Performance Criteria for Museum Enclosure Design

Overview

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Abstract

This paper develops a framework of considerations for the development of project specific performance criteria for the design of art museums and art-viewing facilities. Three areas of performance are addressed: light control, interior environmental conditions, and condensation resistance. Also discussed are challenges related to integrating these criteria with wider institutional goals such as access to artwork and resources and responsible energy use.

Introduction

Within the larger field of custom facade design, building envelopes for museums and art-viewing facilities are a sub-category with unique and complex performance requirements for which a general overview is

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Natural Light Control

Illumination using full spectrum light, such as daylight, is generally considered the highest quality experience for viewing artwork not only for perception of color, but for the psychological effects and

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Interior Environmental Conditions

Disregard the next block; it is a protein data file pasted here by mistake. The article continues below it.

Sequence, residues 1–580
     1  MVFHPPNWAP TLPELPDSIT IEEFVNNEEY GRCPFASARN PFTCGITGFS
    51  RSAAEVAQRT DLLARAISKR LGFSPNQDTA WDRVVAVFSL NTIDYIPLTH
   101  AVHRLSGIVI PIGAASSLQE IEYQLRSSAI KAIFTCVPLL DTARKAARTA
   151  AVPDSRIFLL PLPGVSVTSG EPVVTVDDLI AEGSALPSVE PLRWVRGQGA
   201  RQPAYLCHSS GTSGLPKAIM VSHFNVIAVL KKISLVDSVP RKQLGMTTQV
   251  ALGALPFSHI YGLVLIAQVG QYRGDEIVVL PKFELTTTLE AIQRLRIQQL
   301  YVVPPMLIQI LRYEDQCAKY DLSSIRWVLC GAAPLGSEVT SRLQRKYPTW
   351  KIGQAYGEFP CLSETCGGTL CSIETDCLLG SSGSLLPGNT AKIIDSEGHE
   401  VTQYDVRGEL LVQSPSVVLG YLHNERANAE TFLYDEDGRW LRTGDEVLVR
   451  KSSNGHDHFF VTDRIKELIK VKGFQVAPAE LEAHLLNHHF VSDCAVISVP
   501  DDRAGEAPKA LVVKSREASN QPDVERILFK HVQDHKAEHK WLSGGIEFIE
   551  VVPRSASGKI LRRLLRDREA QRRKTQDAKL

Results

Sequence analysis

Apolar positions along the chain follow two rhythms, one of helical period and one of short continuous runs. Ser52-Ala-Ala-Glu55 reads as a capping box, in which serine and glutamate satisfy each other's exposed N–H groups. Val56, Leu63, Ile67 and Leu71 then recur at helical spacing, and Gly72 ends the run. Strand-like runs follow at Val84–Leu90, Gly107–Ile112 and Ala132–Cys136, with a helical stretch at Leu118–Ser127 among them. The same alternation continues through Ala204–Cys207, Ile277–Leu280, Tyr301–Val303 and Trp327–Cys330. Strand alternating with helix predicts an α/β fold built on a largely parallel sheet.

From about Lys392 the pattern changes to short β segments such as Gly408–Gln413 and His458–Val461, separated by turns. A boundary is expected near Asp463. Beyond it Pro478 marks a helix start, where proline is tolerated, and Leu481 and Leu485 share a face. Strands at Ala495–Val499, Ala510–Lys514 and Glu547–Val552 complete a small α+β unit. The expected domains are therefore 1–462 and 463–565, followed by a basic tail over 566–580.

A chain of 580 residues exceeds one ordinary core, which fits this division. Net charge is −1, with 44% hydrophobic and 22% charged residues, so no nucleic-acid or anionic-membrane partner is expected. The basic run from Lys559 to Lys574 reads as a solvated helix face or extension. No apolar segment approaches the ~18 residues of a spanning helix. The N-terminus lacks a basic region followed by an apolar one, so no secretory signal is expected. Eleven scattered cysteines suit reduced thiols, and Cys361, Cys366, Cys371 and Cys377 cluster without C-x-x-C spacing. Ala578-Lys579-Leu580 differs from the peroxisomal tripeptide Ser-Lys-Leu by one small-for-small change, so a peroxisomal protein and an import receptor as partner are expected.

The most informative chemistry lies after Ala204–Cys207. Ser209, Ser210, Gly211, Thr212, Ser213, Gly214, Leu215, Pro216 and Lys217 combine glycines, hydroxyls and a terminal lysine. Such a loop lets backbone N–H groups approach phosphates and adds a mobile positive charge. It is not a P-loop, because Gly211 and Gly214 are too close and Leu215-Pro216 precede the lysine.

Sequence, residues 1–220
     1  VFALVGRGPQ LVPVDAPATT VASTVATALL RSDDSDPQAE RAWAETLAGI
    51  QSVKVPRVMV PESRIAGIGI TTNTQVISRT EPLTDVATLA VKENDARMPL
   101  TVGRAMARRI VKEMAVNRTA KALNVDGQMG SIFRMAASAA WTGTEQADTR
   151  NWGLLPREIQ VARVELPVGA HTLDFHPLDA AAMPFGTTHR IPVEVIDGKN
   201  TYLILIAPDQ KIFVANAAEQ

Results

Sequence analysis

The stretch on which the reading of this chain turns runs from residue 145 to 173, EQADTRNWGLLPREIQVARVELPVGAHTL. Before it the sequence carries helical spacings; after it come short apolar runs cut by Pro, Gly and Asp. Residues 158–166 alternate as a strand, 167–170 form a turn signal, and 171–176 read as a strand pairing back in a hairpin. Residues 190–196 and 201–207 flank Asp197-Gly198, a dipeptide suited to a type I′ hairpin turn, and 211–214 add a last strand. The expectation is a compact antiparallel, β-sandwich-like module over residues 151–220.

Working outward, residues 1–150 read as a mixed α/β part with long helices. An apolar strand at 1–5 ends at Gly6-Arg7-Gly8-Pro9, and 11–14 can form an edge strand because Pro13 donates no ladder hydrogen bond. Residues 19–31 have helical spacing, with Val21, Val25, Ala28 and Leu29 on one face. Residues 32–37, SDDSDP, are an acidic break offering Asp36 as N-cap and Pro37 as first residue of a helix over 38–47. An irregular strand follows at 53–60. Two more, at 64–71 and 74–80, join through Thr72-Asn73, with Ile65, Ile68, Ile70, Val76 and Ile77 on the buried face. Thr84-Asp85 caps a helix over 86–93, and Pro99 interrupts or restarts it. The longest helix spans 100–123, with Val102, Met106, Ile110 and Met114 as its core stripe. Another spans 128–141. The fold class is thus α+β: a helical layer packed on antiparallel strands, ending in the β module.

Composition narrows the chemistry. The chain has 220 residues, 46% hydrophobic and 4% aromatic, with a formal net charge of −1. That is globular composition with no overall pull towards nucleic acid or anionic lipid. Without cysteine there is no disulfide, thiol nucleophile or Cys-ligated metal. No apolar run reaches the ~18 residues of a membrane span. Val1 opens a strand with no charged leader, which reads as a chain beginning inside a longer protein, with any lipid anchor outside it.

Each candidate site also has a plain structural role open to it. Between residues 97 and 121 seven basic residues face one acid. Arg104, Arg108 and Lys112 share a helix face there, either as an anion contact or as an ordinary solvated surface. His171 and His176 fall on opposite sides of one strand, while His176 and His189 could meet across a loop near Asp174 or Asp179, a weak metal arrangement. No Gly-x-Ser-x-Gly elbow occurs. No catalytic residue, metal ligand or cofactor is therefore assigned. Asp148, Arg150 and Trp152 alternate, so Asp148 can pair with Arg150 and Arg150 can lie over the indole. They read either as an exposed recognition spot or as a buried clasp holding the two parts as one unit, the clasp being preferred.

Temperature and relative humidity (RH) are the two primary mechanical system considerations for museum and art-viewing facility enclosure design and attention to these criteria are hallmarks of most, if not

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Condensation Resistance and Mitigation Within the Building Envelope

In climates with cold seasons, the elevated interior relative humidity specified for museums and most art-viewing facilities makes condensation mitigation more challenging than most other building types. Condensation is a

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Conclusion

Design of the building envelope for museums and art-viewing facilities requires thoughtful attention of numerous unique considerations and institutional goals. Based on new science and material research, conservation requirements for

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Rights and Permissions

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